During the holidays the fireplace takes on an added importance in our lives. It's so much a part of Christmas legend and lore: hanging the stockings by the chimney with care, Santa's entryway of choice, chestnuts roasting by an open fire, the medieval yule log.
"The fireplace is the focal point for the whole holiday celebration," says local architect Steven Hoffman Shapiro, who feels that's one reason many of his clients insist on having a fireplace in their homes.
We no longer need fireplaces for warmth; in fact, a blazing fire can suck the heat from a centrally heated room. But they provide an important emotional warmth, especially this time of year. Sit back, relax, dream a little, while you watch the flames flicker in the hearth.
In an era when the home is the center of many people's lives once again, the fireplace has become a symbol of comfort and more peaceful times. Builders and architects say the fireplace is one of the features most requested by new-home buyers, right up there with home offices and more storage space. A new interest in period features has also helped fuel the reawakened desire for a fireplace.
There's something very romantic about firelight, so architects are putting fireplaces in bedrooms and bathrooms as well as formal living rooms and family rooms. People are even asking for fireplaces in the kitchen, a room that's the center of many families' lives.
Some contemporary fireplaces have yet another function. Free-standing ones used as room dividers are very much in vogue right now. They act as a wall in today's smaller houses without cutting off all space and light.
The styles of mantels and surrounds -- Colonial, French rococo, neoclassical, contemporary -- are as varied as the styles of houses. That's important to remember, points out designer Elaine Logan of Logan Grant Inc.
"A fireplace is part of the architecture of the house, not part of the furniture," she warns. To her regret, the previous owners of her home ripped out the mantel "and put one in to go with their Chippendale furniture." As far as she can determine, the original fireplace had a brick surround with a mantel in the turn-of-the-century style of the house. The brick was covered up and new molding applied. "It's neat and trim," she says, "and not very interesting."
That doesn't, however, mean you have to adhere slavishly to the architectural style of your house. Period fireplace style is one of .. the most important clues for architectural historians in dating an older house quite precisely, but nowadays anything goes as long as it complements the overall architecture of the room.
A fireplace is the dominant point of interest almost anywhere. The one exception is the family room. Too often it fights with the television to be the focal point (and usually ends up being subordinate).
As the focal point of a living room, the fireplace dictates interior design. Seating is grouped around it; its mantel is the place to display treasures and mementos. Objects on a mantel can be changed easily to give the whole room a fresh look.
If you have the money, designer Jay Jenkins of Alexander Baer suggests buying an antique, carved, marble mantel for your fireplace ($3,000 on up). But this isn't your only option. For a couple of hundred dollars you can put beautiful molding around the firebox, or you could have the mantel faux-finished to look like antique marble.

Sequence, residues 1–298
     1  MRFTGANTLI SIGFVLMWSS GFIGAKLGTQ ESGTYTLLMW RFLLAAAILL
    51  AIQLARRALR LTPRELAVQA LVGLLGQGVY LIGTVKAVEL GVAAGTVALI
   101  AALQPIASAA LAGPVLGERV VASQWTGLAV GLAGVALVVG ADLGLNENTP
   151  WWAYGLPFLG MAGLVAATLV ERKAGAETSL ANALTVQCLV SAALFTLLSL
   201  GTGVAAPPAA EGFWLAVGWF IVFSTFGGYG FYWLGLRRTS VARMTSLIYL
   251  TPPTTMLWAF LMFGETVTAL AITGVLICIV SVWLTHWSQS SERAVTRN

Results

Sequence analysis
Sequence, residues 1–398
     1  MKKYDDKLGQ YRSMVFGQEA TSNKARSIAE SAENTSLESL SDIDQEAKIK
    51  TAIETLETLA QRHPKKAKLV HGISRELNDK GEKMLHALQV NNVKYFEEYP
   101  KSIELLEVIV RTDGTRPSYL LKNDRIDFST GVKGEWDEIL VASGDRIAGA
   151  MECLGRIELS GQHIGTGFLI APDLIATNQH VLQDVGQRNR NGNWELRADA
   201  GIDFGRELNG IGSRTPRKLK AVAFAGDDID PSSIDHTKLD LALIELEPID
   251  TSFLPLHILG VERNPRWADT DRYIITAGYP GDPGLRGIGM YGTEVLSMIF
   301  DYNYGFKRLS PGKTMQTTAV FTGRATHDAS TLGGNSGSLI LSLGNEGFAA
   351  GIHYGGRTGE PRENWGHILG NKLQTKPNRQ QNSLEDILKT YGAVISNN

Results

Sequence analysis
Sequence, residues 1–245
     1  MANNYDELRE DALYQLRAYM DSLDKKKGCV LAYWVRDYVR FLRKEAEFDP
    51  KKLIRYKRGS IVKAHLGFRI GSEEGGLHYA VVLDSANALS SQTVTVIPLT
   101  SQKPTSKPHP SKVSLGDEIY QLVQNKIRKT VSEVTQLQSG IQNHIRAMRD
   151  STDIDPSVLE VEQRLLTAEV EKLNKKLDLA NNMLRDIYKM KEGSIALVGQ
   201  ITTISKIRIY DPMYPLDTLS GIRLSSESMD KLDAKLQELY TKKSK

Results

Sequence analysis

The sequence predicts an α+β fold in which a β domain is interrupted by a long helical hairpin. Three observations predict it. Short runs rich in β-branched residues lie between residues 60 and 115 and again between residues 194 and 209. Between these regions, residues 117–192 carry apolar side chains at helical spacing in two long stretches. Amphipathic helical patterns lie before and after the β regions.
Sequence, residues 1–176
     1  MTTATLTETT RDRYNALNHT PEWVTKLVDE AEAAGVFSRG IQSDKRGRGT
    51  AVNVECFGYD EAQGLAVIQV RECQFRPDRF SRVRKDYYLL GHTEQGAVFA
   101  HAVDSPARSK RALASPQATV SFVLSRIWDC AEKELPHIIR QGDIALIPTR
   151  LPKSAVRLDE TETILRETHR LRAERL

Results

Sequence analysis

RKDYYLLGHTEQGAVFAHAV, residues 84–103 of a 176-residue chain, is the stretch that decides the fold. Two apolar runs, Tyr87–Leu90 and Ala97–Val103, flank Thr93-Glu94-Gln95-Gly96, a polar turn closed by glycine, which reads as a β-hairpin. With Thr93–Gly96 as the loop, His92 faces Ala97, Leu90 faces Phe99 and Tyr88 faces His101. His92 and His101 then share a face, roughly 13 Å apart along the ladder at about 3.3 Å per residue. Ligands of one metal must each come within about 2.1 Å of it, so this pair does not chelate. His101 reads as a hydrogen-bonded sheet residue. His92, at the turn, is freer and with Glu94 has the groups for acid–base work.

Invest in a handsome pair of antique brass andirons, "which can add scale and depth," says Mr. Jenkins. Movable fire screens are another way to add decorative interest to the area. "Or you could simply paint the mantel a crisp white, and paint the wall behind in a beautiful color."
While the fireplace is likely to be the dominant point of interest in a room, Randy Davis-Armann of Armann Architects has found that her clients often want to integrate it into its room. "A brick front and a mantel may not fit in," she explains. She might extend the mantel, add new trim or put on a whole new front.
Andrea Loran of Design Projects Ltd., describes an asymmetrical fireplace -- one not centered on its 20-foot wall -- that she surrounded with pickled book shelves and cabinets, so that the fireplace became an extension of the wall. "It makes the room twice as large," she says.
While having a fireplace is a fundamentally symbolic gesture that has little to do with heating, it can make a huge difference in how you feel about your house. Central to Steven Shapiro's %o renovation of a house on the Magothy River was the fireplace, which had been ignored for the past 15 years. He believes that his clients use what was a summer cottage all year round now primarily because of that fireplace.
"They weren't really aware of its presence," he says, "but it was a lovely little rustic stone fireplace." The architect changed everything on the first floor but the fireplace itself, which he made the centerpiece of his renovation.
"The room is a lot warmer now," Mr. Shapiro says. And he's not talking about the heat the fireplace generates.
The future in the flames
Folklore has it that you can read the future in the flames of the fire. Here's how to interpret the signs, according to the new book "The Fireplace," by Elizabeth Wilhide (Little, Brown, $40).
* If the flames are pale-colored, expect rain.
* If the fire is noisy, expect a storm.
* If the fire burns fiercely, there will be a frost.
* If the fire falls over in the direction of somebody, there will be anger.
* If the fire retreats to a corner, there will be separation.
* If sooty smoke hangs above the grate, a stranger will arrive.
* Round or purse-shaped cinders that jump from the fire mean money.
* Oval or cradle-shaped cinders that jump from the fire mean birth.
* Rectangular or coffin-shaped cinders that jump from the fire mean death.